What is the CMMC?

In 2016, the United States Federal Government created FAR 52.204-21 to provide for Safeguarding of Covered Contractor Information Systems. In response to FAR 52.204-21 and as a measure of ensuring compliance, the Department of Defense (DoD) created and implemented the DFAR.252.204-7012 which mandated that any company holding Controlled Unclassified Information (CUI) that provides insight to government mission must have the necessary safeguards implemented to secure the CUI. These measures must be implemented utilizing NIST 800-171 guidance. DFAR.252.204-7012 mandates that companies supporting DoD’s missions must demonstrate due diligence to provide measures that protect CUIs. These companies are mandated to have a System Security Plan (SSP) and Plan of Action and Millstones (POAM) documentation that addresses information security vulnerability remediation and mitigation measures. Inherently, an organization must have a fully operational Information Security Program supporting a robust Cyber Security posture.

In 2020, the Cybersecurity Maturity Model Certification (CMMC) framework was launched to further enhance the protection of sensitive information relating to contractor services provide to the DoD. Sensitive information includes:

  • Federal Contract Information (FCI) – Information not intended for public release. It is provided by or generated for the government under a contract to develop or deliver a product or service to the Government.  FCI does not include information provided by the Government to the public.
  • Controlled Unclassified Information (CUI) – Information the government creates or possesses, or that an entity creates or possesses for or on behalf of the government, that a law, regulation, or government-wide policy requires or permits an agency to handle using safeguarding or dissemination controls.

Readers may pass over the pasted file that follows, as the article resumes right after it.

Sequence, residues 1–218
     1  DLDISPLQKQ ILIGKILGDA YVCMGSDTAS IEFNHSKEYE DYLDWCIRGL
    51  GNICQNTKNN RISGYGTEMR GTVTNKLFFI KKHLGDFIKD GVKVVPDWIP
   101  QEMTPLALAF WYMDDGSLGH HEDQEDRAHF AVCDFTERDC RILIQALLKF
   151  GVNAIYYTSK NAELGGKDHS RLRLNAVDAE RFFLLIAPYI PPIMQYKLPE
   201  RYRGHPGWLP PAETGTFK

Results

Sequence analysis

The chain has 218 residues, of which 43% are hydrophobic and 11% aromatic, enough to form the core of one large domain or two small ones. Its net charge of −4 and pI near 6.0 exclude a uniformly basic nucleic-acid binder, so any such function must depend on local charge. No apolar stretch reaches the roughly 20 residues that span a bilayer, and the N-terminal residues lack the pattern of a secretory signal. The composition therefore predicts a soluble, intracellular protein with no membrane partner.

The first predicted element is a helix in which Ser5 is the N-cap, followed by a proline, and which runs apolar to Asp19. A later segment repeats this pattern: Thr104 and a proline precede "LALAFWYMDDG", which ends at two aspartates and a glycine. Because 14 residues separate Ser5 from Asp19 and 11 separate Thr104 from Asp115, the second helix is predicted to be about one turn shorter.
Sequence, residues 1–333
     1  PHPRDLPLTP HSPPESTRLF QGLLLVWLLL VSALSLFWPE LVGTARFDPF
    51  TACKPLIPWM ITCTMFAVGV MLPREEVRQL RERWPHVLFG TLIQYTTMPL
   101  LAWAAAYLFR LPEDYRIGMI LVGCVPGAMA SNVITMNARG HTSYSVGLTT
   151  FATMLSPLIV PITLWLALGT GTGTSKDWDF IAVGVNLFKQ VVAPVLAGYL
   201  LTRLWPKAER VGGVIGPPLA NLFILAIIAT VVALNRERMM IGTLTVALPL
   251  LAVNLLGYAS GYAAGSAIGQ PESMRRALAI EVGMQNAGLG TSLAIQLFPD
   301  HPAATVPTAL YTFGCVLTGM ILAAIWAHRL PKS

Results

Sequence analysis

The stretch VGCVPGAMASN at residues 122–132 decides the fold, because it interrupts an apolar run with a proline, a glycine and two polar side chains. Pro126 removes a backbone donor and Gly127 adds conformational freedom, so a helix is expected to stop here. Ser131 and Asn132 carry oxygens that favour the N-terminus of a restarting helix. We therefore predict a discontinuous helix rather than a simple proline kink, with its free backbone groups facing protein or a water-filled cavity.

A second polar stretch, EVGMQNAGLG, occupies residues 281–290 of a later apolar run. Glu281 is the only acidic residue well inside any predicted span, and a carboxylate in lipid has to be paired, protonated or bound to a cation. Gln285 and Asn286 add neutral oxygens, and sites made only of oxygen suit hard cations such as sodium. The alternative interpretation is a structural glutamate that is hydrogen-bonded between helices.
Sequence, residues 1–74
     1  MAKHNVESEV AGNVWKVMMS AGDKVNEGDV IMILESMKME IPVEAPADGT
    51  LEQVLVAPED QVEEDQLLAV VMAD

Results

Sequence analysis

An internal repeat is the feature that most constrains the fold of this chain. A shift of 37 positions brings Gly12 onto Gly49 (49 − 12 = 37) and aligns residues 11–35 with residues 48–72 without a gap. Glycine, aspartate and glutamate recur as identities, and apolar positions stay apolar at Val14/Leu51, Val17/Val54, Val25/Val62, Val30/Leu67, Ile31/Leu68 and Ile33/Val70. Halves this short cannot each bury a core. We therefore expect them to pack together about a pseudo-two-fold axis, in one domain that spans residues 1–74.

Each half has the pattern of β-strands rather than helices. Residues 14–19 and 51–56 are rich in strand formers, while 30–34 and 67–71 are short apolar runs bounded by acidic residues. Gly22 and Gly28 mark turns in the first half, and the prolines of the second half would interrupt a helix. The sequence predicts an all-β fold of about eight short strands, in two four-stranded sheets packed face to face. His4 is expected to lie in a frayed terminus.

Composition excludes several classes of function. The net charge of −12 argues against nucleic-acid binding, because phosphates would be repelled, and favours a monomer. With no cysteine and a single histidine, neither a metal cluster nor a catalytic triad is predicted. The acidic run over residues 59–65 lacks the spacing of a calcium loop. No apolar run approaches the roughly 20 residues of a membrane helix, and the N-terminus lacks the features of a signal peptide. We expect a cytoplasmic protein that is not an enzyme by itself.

Additional types of CUI data include:

  • Controlled Technical Information (CTI) – Technical information with military or space application that is subject to controls on its access, use, reproduction, modification, performance, display, release, disclosure, or dissemination.

The CMMC framework implements a tiered approach to audit contractor compliance with NIST SP 800-171, based on five different levels of maturity expectations. The CMMC includes 17 capability domains, 43 capabilities, 5 processes across five levels to measure process maturity and 171 practices across five levels to measure technical capability.

  • Level 1 – Basic Cyber Hygiene: Requires 17 controls. Level 1 will likely be required of all contractors doing business with the DoD, with select practices being documented where required. Appropriate for smaller contractors that only handle FCI.
  • Level 2 – Intermediate Cyber Hygiene: Requires 72 controls. Level 2 is designed to be a bridge to Level 3 compliance, where contractors get into the practice of documenting each practice involving CUI.
  • Level 3 – Good Cyber Hygiene: Requires 130 controls. Level 3 is a managed state where a policy has been put into place and maintained to cover all activities, with all CUI practices documented.
  • Level 4 – Proactive Cybersecurity: Requires 156 controls. Level 4 requires the implementation of more advanced security practices based largely on the NIST 800-171B, where activities are reviewed and measured for effectiveness.
  • Level 5 – Advanced/Progressive Cybersecurity: Requires 171 controls. Level 5 is the optimized state requiring highly advanced cybersecurity practices with a tested, standardized, and documented approach seen across all applicable organizational units.

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